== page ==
Beat Cancer Project Professorial Chair
The work of my unit is about synthesizing research evidence, having this evidence included in health service policies and practice, and checking that expected health benefits occur. We also undertake formal epidemiological evaluations of cancer screening programs, especially screening for breast cancer and the prevention of cervical cancer.
With around one in two people likely to be diagnosed with cancer at some point in their lives, cancer in its various forms is one of Australia’s major research and healthcare priorities.
As the Cancer Research Chair, my key aims are;
- To examine the research on cancer prevention, screening, treatment and patient outcomes
- To evaluate outcomes of screening and treatment services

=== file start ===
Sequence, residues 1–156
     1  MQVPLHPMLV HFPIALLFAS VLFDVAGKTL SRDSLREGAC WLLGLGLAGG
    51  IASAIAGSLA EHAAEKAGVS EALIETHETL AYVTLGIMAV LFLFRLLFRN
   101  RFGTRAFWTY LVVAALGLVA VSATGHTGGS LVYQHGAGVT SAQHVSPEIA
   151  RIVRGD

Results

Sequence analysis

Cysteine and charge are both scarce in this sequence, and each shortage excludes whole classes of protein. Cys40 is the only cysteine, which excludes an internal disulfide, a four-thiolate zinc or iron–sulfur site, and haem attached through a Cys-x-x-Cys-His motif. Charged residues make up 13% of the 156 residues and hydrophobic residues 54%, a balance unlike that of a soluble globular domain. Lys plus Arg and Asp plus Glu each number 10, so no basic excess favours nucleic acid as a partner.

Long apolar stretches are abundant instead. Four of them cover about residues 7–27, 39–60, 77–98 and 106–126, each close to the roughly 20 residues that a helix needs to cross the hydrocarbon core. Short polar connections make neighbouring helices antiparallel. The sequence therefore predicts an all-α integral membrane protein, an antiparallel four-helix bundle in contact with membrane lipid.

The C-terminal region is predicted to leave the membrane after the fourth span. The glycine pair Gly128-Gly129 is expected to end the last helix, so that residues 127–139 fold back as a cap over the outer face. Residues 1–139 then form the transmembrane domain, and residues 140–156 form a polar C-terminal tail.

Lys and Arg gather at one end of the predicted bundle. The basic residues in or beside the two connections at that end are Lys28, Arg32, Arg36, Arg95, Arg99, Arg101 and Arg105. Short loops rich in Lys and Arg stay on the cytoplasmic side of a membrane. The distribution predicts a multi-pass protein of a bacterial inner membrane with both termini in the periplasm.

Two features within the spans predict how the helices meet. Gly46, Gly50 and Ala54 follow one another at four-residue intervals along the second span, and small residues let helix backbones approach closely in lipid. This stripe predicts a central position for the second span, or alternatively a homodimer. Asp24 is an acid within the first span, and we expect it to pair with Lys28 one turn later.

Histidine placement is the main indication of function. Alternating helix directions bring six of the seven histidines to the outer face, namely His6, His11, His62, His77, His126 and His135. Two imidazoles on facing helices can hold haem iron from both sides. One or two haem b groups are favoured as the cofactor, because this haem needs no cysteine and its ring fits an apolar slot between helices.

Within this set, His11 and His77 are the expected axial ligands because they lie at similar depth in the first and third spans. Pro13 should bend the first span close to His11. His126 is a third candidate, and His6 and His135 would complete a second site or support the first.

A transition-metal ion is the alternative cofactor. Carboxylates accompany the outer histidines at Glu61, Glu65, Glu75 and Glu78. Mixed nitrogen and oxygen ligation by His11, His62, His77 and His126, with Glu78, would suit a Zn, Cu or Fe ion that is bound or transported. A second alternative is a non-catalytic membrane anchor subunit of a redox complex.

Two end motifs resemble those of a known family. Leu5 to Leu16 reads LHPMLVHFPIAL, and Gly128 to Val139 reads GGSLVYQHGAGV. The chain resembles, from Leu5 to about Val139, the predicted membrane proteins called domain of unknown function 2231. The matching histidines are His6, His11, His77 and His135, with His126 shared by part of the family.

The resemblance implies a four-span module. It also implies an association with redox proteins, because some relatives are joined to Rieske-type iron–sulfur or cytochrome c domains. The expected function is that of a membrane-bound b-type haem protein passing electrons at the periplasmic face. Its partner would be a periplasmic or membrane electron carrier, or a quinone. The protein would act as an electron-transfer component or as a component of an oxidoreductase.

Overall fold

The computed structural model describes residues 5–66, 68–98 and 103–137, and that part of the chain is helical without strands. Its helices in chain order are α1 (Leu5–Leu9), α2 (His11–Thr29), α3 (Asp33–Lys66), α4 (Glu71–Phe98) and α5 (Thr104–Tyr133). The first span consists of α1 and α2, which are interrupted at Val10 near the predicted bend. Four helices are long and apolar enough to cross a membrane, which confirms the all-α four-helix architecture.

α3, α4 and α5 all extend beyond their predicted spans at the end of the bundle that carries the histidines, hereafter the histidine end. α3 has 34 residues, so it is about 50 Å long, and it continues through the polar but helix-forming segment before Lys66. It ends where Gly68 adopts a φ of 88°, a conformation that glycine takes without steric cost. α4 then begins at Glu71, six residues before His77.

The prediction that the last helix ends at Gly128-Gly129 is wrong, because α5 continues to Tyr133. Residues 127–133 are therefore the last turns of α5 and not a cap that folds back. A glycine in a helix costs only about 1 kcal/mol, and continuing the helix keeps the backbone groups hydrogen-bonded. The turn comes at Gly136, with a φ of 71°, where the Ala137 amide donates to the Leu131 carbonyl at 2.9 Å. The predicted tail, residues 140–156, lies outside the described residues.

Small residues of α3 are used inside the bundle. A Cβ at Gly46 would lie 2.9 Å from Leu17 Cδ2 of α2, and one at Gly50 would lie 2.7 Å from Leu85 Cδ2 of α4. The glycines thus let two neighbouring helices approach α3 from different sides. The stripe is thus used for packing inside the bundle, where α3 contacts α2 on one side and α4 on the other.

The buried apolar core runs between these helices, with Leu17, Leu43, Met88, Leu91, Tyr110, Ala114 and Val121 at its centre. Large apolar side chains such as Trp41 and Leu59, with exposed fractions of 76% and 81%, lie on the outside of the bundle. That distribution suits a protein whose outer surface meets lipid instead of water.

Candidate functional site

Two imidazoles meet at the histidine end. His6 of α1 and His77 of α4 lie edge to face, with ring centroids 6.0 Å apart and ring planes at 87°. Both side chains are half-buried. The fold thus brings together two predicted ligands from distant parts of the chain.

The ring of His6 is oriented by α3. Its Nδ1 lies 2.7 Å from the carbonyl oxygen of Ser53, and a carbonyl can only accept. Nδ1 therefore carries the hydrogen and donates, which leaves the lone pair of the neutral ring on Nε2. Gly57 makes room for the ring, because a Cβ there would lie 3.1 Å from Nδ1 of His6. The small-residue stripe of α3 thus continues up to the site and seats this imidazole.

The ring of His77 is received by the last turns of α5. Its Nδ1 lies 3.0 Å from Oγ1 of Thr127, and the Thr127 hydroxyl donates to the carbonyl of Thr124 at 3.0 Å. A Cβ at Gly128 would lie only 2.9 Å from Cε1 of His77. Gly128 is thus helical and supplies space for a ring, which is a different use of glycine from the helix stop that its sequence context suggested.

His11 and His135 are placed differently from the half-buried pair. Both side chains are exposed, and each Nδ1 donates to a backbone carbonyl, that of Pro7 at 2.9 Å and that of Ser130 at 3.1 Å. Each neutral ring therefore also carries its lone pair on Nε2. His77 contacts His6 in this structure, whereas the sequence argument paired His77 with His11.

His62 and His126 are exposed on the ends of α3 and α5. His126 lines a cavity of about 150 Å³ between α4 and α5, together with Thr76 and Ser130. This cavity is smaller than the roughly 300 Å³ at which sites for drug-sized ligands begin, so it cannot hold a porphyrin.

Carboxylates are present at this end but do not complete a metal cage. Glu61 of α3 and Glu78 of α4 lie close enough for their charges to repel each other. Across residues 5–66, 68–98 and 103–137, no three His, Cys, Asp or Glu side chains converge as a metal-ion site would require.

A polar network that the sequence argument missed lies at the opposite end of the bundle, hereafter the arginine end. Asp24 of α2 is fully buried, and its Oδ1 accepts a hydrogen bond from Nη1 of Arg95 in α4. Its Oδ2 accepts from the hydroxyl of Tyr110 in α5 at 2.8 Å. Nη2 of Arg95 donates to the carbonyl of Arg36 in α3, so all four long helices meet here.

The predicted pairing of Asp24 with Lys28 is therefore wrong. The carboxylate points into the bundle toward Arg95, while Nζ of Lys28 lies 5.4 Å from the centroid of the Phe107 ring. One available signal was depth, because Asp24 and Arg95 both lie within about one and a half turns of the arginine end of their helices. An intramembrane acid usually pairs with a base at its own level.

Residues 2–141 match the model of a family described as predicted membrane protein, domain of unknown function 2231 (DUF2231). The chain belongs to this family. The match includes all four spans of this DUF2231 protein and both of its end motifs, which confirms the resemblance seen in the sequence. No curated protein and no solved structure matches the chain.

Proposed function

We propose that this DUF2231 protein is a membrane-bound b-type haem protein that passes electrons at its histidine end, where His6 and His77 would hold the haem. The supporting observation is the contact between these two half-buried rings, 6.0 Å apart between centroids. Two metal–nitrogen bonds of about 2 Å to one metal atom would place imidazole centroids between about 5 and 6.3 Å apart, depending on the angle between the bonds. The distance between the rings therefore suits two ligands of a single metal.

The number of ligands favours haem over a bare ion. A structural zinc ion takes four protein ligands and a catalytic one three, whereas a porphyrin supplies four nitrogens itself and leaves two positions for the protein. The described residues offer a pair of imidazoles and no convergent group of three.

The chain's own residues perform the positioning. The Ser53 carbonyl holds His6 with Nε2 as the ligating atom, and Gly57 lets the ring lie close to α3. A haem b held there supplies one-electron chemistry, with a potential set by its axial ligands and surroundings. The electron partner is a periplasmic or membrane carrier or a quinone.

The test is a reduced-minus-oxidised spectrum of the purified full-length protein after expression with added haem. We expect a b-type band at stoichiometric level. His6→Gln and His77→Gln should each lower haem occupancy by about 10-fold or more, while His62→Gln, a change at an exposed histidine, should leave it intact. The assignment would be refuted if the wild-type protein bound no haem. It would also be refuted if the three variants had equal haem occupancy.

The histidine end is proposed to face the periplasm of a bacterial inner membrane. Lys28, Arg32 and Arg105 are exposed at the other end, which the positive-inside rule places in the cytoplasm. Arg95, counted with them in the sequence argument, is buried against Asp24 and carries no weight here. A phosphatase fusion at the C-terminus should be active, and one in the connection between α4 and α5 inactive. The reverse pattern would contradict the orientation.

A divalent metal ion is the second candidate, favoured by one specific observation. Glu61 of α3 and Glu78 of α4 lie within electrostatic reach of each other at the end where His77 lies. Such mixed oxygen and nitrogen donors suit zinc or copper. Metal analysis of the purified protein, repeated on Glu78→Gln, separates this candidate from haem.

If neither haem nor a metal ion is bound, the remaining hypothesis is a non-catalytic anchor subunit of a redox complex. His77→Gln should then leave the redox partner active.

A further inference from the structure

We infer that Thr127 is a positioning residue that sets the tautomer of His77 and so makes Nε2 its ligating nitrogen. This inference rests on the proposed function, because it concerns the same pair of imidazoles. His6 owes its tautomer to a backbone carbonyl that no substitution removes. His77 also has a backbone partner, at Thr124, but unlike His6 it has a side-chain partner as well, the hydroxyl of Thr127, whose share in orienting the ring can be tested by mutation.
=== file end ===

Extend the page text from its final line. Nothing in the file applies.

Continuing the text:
- To produce and translate research evidence to improve patient outcomes
- To inform decision makers on how best to deliver effective services to the many Australians requiring cancer-related health services each year.
What we aim to achieve
The primary aim of my unit is to develop more effective and more cost-effective services, especially as related to cancer screening and treatment, and the achievement of similar benefits for all sectors of the population.
Our next steps and milestones
Our next step is to support the implementation of evidence-based health policies and to evaluate their effectiveness. This work is ongoing. A major emphasis is being placed on evaluating and improving outcomes of services for Aboriginal people. We are involved in service evaluation and policy development for breast and cervical screening and cancer treatment services.
What motivates me
I am motivated by the potential for my work to develop a greater sense of teamwork across previously disparate research groups in South Australia.
My message to supporters
The funding I receive from Cancer Council SA donors greatly increases the reach of my work. At the moment we are working on means of assessing side effects of cancer therapies, in order to improve the quality of lives of those people who survive their cancers.